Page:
“The World of Useless Stereotypes” is from The New York Times.
Lindsey suggested this two-part film called “Babakiueria.” As she describes it, it ” is a satirical portrayal of white and Aboriginal interactions in Australia, through a role reversal in which whites are the minority.”
How Europeans Know You’re American is a slideshow from LIFE.
What’s it like to be 75 years old? Try this on is an intriguing article about a suit for designers so they get a sense of what it feels to be…75 years old. Here’s the video that goes along with the article:
Here’s a fun music video shot with a camera on a dog. It’s a light-hearted addition to this list.
You Are Blind is a site designed to give the user the experience of having vision loss. It’s received a lot of praise, though I think it may be over-hyped a bit.
Here’s how the creators of this video describe it:
Some people with autism have difficulty processing intense, multiple sensory experiences at once. This animation gives the viewer a glimpse into sensory overload, and how often our sensory experiences intertwine in everyday life.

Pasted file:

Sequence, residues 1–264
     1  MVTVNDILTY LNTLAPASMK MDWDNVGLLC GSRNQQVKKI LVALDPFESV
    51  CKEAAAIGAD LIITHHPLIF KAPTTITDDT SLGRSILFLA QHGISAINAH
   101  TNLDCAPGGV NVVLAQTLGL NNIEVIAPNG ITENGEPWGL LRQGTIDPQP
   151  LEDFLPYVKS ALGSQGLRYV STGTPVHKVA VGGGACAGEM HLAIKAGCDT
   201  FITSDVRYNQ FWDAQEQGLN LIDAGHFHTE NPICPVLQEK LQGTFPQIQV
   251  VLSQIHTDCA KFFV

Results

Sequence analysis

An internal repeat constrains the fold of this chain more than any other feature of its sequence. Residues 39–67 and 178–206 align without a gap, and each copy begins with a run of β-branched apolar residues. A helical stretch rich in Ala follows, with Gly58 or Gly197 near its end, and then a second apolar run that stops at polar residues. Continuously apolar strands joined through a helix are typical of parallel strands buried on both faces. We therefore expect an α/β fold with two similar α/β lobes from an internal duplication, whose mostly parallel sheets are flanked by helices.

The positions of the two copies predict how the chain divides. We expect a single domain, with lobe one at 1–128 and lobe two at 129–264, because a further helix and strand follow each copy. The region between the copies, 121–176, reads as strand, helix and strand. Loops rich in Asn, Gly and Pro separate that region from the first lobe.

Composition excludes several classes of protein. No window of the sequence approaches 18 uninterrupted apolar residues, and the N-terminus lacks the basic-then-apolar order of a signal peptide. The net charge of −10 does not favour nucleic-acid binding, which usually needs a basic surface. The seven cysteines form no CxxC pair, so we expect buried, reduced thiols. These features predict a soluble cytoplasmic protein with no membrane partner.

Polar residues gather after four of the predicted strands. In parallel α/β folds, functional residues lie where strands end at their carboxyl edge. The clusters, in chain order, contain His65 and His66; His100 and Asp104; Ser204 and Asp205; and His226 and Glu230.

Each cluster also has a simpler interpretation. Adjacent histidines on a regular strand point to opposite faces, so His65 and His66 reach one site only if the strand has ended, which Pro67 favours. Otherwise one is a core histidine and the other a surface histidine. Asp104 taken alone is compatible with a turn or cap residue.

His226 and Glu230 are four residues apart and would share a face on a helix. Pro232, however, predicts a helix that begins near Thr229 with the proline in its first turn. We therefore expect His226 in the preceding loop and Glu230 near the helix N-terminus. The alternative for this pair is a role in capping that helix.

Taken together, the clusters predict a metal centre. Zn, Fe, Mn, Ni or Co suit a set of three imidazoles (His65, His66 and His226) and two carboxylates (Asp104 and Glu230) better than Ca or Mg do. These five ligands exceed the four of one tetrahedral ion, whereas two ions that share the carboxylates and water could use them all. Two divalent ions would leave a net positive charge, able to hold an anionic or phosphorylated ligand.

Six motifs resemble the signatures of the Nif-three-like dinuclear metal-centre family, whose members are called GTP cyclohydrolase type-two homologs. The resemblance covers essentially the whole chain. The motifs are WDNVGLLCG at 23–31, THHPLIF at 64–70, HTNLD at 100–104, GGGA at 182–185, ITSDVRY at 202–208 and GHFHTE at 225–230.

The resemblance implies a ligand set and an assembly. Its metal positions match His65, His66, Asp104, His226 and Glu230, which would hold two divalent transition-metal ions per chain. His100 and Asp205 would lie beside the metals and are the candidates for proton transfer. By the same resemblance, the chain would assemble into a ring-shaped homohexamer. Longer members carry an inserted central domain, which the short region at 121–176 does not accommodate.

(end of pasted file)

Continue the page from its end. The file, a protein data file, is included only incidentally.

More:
Created as part of Mark Jonathan Harris’ and Marhsa Kinder’s “Interacting with Autism.” Coming in January 1st 2013, IWA is a three-year transmedia project funded by the federal Agency for Health Research and Quality (AHRQ). University Professor Marsha Kinder, the Executive Director of the Labyrinth Project at USC, and Mark Harris are heading a team of filmmakers and artists working to build an interactive, video intensive website that will focus on the best available treatments for autism.
Here are a few useful links on empathy:
Barack Obama and the ‘empathy deficit’ is from The Guardian.
Understanding How Children Develop Empathy is from The New York Times.